For ScreenCraft’s 2020 Horror Screenplay Contest, the industry judges are looking for great writing — no matter what type of horror tale you want to tell, wether it’s TV, feature or short film. Read on, if you dare.
Horror movies. Audiences flock to them each year. The horror genre is one of the most reliable sources of profit in the eyes of Hollywood and the worldwide film industry as a whole.
John Carpenter made the original Halloween for just $325,000. It went on to gross $42 million, which back in 1978 was the equivalent of $153 million in today’s money.
The Saw, Paranormal Activity, Sinister, and Insidious franchises have been consistent money makers. The slasher icons of Michael Myers, Jason Voorhees, and Freddy Krueger put companies on the map and continue to resonate as staple Halloween traditions.
And it doesn’t stop at the cinema either. The horror genre has created some of television’s most terrifying tales — whether it’s The Walking Dead or American Horror Story.
Because of this, horror is an excellent genre for emerging talent.
The genre has launched countless careers, and it is consistently popular worldwide.
Humans can be strange. As a species, we’re curious to a fault at times. We seek thrills by putting our lives in danger as we skydive, climb towering mountains, and bungee-jump off of a bridge with only a single cord to save us.
And then there are horror movies and TV series.
Horror confronts us with our deepest fears and anxieties, which creates a cathartic experience.
The great thing about this genre is that it comes in many different shapes and sizes. Horror stories can be contained, broad, supernatural, psychological, comedic, socially relevant, or exist to homage celebrated horror classics that came before it.
The horror genre is perfect for the type of hybrids that Hollywood — and audiences — love. Sci-Fi Horror (The Thing), Comedy Horror (Ghostbusters), and even Period Horror (The Witch) are just a few of the genre crossbreeds that went on to become instant classics.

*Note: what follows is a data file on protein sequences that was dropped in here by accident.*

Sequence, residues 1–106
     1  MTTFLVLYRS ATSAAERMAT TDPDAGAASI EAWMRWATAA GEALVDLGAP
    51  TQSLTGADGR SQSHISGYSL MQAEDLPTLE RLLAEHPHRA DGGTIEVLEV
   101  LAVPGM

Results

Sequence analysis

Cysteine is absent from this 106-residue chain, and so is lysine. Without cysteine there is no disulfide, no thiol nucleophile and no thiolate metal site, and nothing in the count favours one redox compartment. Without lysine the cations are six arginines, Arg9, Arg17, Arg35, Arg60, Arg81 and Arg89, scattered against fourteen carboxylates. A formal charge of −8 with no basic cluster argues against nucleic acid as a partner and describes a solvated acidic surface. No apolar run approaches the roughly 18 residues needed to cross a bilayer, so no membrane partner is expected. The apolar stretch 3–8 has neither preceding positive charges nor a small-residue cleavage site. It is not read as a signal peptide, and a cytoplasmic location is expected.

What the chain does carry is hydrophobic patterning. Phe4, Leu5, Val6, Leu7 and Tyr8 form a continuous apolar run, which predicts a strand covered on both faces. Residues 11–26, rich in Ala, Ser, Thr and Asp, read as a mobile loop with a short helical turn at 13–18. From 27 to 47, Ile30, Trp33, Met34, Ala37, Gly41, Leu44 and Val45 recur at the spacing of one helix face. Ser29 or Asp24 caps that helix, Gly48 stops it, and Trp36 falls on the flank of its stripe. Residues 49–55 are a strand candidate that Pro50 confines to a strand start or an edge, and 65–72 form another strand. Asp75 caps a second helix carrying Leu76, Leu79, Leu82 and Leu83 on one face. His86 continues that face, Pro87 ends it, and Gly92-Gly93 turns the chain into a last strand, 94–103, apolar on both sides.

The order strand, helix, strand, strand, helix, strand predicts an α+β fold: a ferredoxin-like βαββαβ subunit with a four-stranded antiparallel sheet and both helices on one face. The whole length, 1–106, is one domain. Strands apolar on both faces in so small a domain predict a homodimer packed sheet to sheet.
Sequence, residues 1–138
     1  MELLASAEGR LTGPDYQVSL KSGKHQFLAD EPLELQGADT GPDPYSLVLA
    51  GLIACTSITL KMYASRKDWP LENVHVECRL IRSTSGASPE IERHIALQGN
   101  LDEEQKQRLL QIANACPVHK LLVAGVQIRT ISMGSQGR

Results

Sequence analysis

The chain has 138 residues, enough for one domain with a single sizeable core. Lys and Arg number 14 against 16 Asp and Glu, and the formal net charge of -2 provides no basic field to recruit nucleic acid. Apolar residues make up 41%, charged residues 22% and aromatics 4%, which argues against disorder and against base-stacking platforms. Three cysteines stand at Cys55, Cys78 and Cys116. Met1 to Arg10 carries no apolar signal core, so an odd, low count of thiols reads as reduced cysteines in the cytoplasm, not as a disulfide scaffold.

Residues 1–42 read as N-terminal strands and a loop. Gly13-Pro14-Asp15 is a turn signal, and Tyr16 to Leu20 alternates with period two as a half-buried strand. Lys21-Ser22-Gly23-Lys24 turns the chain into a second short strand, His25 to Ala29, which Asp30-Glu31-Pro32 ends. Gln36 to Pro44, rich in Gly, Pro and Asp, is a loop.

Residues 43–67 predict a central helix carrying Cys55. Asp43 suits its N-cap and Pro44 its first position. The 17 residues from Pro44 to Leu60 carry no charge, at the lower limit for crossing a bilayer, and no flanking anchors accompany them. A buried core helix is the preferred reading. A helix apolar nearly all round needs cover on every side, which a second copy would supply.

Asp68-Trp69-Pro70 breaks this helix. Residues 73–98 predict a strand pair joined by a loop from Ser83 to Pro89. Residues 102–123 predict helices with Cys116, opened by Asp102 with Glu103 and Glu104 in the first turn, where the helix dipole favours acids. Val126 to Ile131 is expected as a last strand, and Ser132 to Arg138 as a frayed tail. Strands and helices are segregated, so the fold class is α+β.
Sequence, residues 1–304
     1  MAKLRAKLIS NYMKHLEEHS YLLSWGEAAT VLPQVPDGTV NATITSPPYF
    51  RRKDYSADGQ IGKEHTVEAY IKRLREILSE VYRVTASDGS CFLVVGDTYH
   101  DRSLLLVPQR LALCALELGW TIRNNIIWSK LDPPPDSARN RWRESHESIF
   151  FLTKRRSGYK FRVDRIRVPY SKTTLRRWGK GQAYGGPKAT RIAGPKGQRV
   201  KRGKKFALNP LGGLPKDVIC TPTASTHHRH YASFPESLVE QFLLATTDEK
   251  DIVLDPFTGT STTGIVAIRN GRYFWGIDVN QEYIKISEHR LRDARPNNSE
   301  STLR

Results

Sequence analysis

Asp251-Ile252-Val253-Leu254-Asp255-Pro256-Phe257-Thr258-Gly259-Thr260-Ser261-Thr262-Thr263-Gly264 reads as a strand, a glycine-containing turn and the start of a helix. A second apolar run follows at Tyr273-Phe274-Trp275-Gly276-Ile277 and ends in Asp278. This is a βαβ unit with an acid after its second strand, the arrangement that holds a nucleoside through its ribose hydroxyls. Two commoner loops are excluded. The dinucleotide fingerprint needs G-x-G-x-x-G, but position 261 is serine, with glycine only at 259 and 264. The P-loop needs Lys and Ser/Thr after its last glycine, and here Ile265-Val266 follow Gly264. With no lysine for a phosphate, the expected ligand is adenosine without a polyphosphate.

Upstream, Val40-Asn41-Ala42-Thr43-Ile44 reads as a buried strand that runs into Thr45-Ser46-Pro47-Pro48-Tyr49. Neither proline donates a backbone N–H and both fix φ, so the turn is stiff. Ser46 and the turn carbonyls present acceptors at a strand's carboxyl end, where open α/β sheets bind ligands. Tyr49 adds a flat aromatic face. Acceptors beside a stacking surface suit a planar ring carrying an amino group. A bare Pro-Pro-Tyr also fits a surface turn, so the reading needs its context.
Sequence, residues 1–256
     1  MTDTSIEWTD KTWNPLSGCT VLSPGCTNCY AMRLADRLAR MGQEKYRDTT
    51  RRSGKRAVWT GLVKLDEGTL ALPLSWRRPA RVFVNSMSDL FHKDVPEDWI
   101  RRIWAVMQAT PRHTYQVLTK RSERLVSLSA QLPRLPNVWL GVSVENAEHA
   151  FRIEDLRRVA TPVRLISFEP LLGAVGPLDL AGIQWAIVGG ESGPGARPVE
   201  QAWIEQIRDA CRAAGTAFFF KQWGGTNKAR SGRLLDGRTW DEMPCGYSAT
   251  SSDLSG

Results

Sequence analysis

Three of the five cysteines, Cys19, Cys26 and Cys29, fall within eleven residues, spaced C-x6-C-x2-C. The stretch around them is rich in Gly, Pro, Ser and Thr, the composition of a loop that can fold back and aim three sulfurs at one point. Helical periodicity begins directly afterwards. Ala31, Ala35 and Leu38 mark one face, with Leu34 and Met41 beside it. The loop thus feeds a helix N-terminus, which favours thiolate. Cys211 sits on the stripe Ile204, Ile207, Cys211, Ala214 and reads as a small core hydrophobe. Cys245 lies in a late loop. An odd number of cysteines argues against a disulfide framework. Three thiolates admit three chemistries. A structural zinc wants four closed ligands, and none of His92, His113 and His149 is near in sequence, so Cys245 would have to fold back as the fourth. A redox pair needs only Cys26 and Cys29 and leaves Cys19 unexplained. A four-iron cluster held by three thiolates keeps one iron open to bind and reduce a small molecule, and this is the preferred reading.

ScreenCraft is lucky to introduce an impressive jury of judges for our ScreenCraft 2020 Horror Jury, each with their own backgrounds and prolific careers within the genre (and beyond) while working with some of the horror genre’s greatest talents.
And remember, submissions for the ScreenCraft 2020 Horror Screenplay Contest are being accepted through our early deadline of April 30th, 2020, regular deadline of May 31st, 2020, and the final deadline of June 30th, 2020.
Submissions for both horror features, shorts and horror television pilots will be accepted.
CLICK HERE for more details on all of these amazing opportunities!
Ryan Turek — VP of Development at Blumhouse Productions
Ryan began his career within the film industry as a journalist focusing solely on the world of horror films and entertainment. He consulted on various horror film productions and even helmed a feature-length documentary on the Scream franchise, which is currently featured on the Scream Blu-ray box set.
Ryan later transitioned into feature and television development with Blumhouse Productions, one of the leading production companies in the horror genre.
Blumhouse Productions was founded by Jason Blum and is celebrating its 20th year within the industry. Known for its Paranormal Activity, The Purge, Insidious, and rebooted Halloween horror franchises, the company expanded into the drama genre with critical and commercials hits Whiplash and BlacKkKlansman — both of which earned nominations for the Academy Award for Best Picture.
The company also has excelled within the television medium producing the Emmy Award-winning television movie The Normal Heart and the Golden Globe-winning miniseries Sharp Objects. They even recently brought their The Purge franchise to the small screen.
In 2014, the company signed a 10-year first-look deal with Universal Pictures and Universal Television.